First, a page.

I thought I knew what nihilism meant, but Pinkie Pie uses it so often that I decided to look it up, to see if I had remembered wrongly.

Merriam-Webster-dot-com defines it as:

(1) A viewpoint that traditional values and beliefs are unfounded and that existence is senseless and useless.

(2) A doctrine that denies any objective ground of truth and especially of moral truths.

Neither of these seems to fit Compound F or any other critic of Obama and his party found on this blog. Rather, they seem to be angry that moral truths are being violated: Collateral homicide of bystanders while killing alleged enemies of the Empire is wrong, cutting benefits for the old and sick while fat cats pile up obscene profits is wrong (Obummer's eagerness to give away SS and Medicare), failing to punish grand theft is wrong ("too big to fail" and "too big to jail"), and so on.

I deduce that the Pinkie Pie definition of nihilism is "Refusal to swear fealty to the Dinocratic wing of the Property Party and its current leader". -_^

**********

I apologize for not providing a link, but I lack the cyber-savvy to make links on bare-bones blogs which don't allow copy-and-paste.

Compound F said...

It seems like Herr Doktor Hamfast Ruddyneck takes my point well.

I also think DG is heading for the Mother of All Andrew Sullivan "What I Shoulda Known Then" Moments if he keeps up this business of attacking extremely viable critics.

Frankly, watching DG's talent flushed is not something I'd look forward to seeing. I suppose this is something resembling another (a second) seriously, querulously gobsmacked reaction from a regular reader.

It wouldn't be the first time I was wrong to make a character call, but my eyebrows can't go much higher than this without me relaxing them for good with a long shake of my head.

Even if Greenwald is a relative "greenhorn," by his own forking admission, he's stands head and shoulders above so many for his relentless focus, not to mention his ability to provoke responses from from the hapless media dorks. Ha! For that alone, mon semblable.

The Id of Baal said...

Jeebus, but you are pissing in the wrong person's pond.
Are you so lost in your world of shadow and light vis-à-vis the republican/democrat myth that Greenwald, of all people, becomes a target of yours?
He snipes. You throw bombs into the crowd, hoping to kill only CPAC attendees and David Brooks enthusiasts. You, of all people, dare now speak of nuance, a middle (bipartisan) way, to understanding the current administration's lawlessness and pissing on The Constitution?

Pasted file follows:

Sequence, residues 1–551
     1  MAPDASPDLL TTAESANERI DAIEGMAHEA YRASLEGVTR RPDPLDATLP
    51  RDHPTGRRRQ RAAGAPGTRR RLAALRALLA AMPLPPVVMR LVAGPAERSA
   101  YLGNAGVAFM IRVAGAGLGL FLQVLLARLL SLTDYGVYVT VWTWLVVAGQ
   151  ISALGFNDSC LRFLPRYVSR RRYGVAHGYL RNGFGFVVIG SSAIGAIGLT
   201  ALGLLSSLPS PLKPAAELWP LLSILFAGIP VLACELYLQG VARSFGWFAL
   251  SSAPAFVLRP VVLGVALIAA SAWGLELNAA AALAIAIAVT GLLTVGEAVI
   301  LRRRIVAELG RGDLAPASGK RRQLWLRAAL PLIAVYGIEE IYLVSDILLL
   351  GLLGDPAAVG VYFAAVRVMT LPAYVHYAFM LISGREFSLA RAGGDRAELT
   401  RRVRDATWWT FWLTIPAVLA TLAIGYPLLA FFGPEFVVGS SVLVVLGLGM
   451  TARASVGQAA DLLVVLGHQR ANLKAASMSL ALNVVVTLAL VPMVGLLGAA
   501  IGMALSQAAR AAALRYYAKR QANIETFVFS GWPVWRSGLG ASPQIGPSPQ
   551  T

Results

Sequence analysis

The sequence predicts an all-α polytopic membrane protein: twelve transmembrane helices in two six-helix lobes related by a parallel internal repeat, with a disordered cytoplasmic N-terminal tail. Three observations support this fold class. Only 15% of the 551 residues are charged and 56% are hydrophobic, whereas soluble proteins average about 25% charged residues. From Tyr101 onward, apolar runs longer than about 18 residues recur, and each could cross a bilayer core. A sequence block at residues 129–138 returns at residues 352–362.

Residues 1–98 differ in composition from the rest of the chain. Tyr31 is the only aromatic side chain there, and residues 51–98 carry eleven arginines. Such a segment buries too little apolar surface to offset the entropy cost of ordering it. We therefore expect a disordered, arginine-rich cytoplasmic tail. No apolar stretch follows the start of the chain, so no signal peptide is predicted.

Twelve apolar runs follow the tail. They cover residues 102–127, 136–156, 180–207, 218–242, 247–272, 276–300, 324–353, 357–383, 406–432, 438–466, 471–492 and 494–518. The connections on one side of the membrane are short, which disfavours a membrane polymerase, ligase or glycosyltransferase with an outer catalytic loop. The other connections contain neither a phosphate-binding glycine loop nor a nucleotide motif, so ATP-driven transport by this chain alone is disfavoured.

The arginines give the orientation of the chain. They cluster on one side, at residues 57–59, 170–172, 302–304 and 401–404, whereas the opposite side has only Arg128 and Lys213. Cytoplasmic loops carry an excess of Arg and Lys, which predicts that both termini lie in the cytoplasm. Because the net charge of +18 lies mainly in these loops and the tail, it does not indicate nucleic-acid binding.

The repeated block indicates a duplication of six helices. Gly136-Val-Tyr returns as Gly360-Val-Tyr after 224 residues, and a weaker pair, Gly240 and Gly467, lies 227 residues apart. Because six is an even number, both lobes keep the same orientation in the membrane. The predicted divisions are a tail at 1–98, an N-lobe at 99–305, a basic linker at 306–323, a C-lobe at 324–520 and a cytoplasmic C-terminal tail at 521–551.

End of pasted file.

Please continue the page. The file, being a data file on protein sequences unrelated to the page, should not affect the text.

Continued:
IOKIYBO?
The current moderate republican who now holds the office of POTUS gets a pass for the crimes you've spent your whole life decrying because your party member assumes them?
Greenwald has done more in the last month to alter the hypocritical views held by both left and right than you have in a lifetime of nipping at Andrew Sullivan or David Frum's heels.
And he's been doing it for years.
But he gives Rand Paul a nod for broaching the drone subject on the Senate floor and he becomes Ming the Merciless to your sci-fi geek ass.
I can only imagine your caterwauling, final-line-in-the-sand outrage if GWB had proclaimed such a power as Obama fiats now. And you would have been right.
Which is why you are wrong now.
And by picking a sissy slap fight with Greenwald over him being more famous than you, you sound like a petulant little bitch who didn't get asked to prom.
Is it always about you being overlooked? Or is it about the ruination of our country?
Again, he always eats your lunch. Put down the pom poms for the Democrat Party. They no longer share our interests.
Keep with the Gingrich/Munchausen Photoshops and leave the debate for the adults until you realize there are no more teams with which to ally.
"The Guardian" awaits your copy and the inevitable spelling and grammatical errors with a big red pen.

Pinkamena Panic said...

Greenwald today, in short: "I can support Racist Rand on being against That Ne- I mean TEH DROOOOOOOOOOOOONEZZ!!!11ELEVENTY and yet not support his latest fuck-dem-wimmenz bill 'cuz it's not hypocritical of me to hold others to a higher standard than I hold myself." And naturally his ultra-white, ultra-bedicked, ultra-privileged base is clamoring for it.

By the by, Compound Fucked, thanks for admitting that Glans Greenhorn's mission in life is to be a CATO troll looking to "provoke responses". Good to know you acknowledge what we've already said. Now maybe you could come to your fucking senses and stop supporting the little liberturd?

Or maybe you could leave. I'm sure DG won't miss you - certainly those of us who aren't Greenwhores won't!

K. Freed said...

Wow. I do so love the pseudo-poetic sophistry offered up by the Greenwald bum washing Paultards flinging poo from the peanut gallery.

As if these Libertarian clones are somehow a sea apart from the GOP. "Both sides... blah, blah... WE, alas, mere spectators, constitutional conscientious objectors, hover unsoiled above the fray, innocent as the day we were born..."

Bullshit. You're a bunch of Cato Koch sniffers, just like Greenwald, who are in the business of conning gullible liberals to cast future votes in the general direction of right-wing tea baggers of the extremiest kind: they who happen to be of a distinctly Paulish persuasion. And if you can't quite manage that, you can always convince just enough idiots on the left, by pushing just the right buttons, that voting really is overrated. Meanwhile, your fellow baggers run to the polls and subsequently vote in the most unprincipled prosperity gospel preachin' religious zealots to be hauled out from under the nearest pile of rocks. Civil liberties my arse.

The jig is up, Paultards. Mark the date on your calendars.

DG: They doth protest too much;)